A letter of Sigismond king of Polonia, written in the 39. yeere of his reigne to Elizabeth the Queenes most excellent Maiestie of England, &c.
Sigismundus Augustus by the grace of God king of Polonia, great Duke of Lituania, Russia, Prussia, Massouia, and Samogetia, &c. Lord and heire &c. to the most Noble Princesse Ladie Elizabeth by the same grace of God Queene of England, France and Ireland, &c. our deare sister, and kinsewoman, greeting and increase of all felicitie. Whereas your Maiestie writeth to vs that you haue receiued two of our letters, wee haue looked that you should haue answered to them both. The trade to Narue forbidden by the K. of Poland. First to the one in which we intreated more at large in forbidding the voyage to Narue, which if it had bene done, we had bene vnburdened of so often writing of one matter: and might haue answered your Maiestie much better to the purpose. Now we thus answere to your Maiestie to those matters of the which you writte to vs the 3 of October from Windsore. The ancient couenants of trafficke between England and Prussia. First, forasmuch as your Maiestie at the request of our letters hath discharged the arrest of Marchants goods, and of the names of the men of Danske our subiects, which was set vpon them by the commandement of your Maiestie: and also haue restored the olde and ancient libertie of traffique, we acknowlege great pleasure done vnto vs in the same: and also think it to bee done according to common agreement made in times past. Neither were we euer at any time of any other opinion touching your Maiestie, but that wee should obtaine right and reason at your hands. Forasmuch as we likewise shall at all times be ready to grant to your Maiestie, making any request for your subiects, so farre as shall stand with iustice, yet neither will we yeeld any thing to your Maiestie in contention of loue, beneuolence, and mutuall office, but that we iudge euery good turne of yours to be recompensed by vs to the vttermost: and that shall we prooue as occasion shall serue. The olde libertie of trafficke. Therefore we shall commaund the arrests, if any be made by our subiects (as it is vnknowen to vs) of merchants goods and English names to be discharged: and shall conserue the olde libertie of trafficke, and all other things which shall seeme to apperteine to neighbourhood betweene vs and your Maiestie: so that none of the subiects of your Maiestie hereafter presume to vse the nauigation to the Narue forbidden by vs, and full of danger not onely to our parts, but also to the open destruction of all Christians and liberall nations. The meanes of increase of the power of the Muscouite. The which as we haue written afore, so now we write againe to your Maiesty that we know and feele of a surety, the Moscouite, enemy to all liberty vnder the heauens, dayly to grow mightier by the increase of such things as he brought to the Naure, while not onely wares but also weapons heretofore vnknowen to him, and artificers and arts be brought vnto him: by meane whereof he maketh himselfe strong to vanquish all others. Which things, as long as this voyage to Narue is vsed, can not be stopped. And we perfectly know your Maiesty can not be ignorant how great the cruelty is of the said enemy, of what force he is, what tyranny he vseth on his subiects, and in what seruile sort they be under him. We seemed hitherto to vanquish him onely in this, that he was rude of arts, and ignorant of policies. If so be that this nauigation to the Naure continue, what shall be vnknowen to him? Therefore we that know best, and border vpon him, do admonish other Christian princes in time, that they do not betray their dignity, liberty and life of them and their subiects to a most barbarous and cruell enemy, as we can no lesse do by the duty of a Christian prince. For now we do foresee, except other princes take this admonition, the Moscuite puffed vp in pride with those things that he brought to the Narue, and made more perfect in warlike affaires with engines of warre and shippes, will make assault this way on Christendome, to slay or make bound all that shall withstand him: which God defend. With which our admonition diuers princes already content themselues, and abstaine from the Narue. The others that will not abstaine from the sayd voyage shalbe impeached by our nauie, and incurre the danger of losse of life, liberty, wife and children. Now therefore if the subiects of your Maiesty will forbeare this voyage to Narue, there shalbe nothing denied to them of vs. Let your Maiesty well weigh and consider the reasons and occasions of our stopping of ships going to the Narue. In which stopping, our subiects of Danske be in no fault, as we haue already written to your Maiesty, neither vse we their counsell in the same. In any other matter, if there be any fault in them against your Maiesty or your subiects, we will gladly do iustice vpon them, that your Maiesty may well vnderstand that we be careful of you and your subiects. Neither thinke we it meet to take Hamburgh, or any other place to iudge the matter: for we have our councell and iudgement seat at Rie, where your Maiesty and your subiects, or any other shal haue iustice administred vnto them, with whom we haue had ancient league and amity. And thus much we haue thought good to let your Maiesty vnderstand. Fare ye well. Dated the sixt of December the 39 of our reigne.224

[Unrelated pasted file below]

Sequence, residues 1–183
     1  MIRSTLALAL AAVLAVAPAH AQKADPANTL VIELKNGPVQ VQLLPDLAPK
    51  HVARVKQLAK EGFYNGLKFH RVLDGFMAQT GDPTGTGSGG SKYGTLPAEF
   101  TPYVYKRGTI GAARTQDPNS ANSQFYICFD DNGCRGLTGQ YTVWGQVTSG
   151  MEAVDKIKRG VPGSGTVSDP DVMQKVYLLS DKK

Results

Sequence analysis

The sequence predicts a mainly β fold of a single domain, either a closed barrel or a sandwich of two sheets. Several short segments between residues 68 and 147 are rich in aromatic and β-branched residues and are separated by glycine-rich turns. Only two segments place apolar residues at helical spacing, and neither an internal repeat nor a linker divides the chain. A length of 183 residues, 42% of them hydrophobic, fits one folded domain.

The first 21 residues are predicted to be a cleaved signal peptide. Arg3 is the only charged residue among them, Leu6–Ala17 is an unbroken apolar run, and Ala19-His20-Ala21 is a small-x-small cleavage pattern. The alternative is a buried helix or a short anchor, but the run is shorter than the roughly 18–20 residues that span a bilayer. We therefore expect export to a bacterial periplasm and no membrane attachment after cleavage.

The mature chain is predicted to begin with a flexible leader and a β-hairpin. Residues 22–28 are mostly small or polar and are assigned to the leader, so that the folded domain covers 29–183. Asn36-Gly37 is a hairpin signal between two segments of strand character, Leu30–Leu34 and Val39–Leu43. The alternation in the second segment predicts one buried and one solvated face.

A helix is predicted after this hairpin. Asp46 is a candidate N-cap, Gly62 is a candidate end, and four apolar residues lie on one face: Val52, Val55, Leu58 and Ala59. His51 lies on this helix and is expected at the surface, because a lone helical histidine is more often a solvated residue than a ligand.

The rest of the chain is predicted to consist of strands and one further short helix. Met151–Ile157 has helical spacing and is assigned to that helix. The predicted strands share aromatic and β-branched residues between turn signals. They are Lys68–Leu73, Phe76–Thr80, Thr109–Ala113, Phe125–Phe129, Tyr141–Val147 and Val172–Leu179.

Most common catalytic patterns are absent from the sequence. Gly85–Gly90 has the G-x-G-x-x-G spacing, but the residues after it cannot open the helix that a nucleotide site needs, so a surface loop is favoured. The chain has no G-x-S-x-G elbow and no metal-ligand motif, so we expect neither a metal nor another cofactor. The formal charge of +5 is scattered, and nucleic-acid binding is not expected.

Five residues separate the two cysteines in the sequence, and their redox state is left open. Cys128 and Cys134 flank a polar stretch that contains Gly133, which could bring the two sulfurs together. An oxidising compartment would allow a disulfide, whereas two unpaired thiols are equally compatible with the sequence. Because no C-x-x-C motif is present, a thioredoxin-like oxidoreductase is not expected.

Sigismundus Augustus Rex.
Last updated Saturday, March 22, 2014 at 22:12